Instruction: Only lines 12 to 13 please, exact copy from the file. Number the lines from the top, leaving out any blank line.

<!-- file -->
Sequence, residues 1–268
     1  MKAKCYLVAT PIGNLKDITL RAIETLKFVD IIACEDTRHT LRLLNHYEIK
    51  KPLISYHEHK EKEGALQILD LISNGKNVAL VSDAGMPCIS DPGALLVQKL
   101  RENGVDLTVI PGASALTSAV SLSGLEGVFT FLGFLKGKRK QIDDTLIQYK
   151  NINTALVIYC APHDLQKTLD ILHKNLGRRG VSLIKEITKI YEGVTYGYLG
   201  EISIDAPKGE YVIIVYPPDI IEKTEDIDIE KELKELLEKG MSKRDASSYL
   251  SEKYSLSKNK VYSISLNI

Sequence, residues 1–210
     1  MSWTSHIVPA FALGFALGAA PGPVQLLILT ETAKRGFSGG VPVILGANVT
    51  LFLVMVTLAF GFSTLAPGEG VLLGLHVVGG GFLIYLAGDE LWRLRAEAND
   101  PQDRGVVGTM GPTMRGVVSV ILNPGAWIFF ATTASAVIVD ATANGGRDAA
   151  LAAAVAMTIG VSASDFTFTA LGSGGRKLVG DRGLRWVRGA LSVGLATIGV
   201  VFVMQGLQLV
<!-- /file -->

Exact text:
   151  LAAAVAMTIG VSASDFTFTA LGSGGRKLVG DRGLRWVRGA LSVGLATIGV
   201  VFVMQGLQLV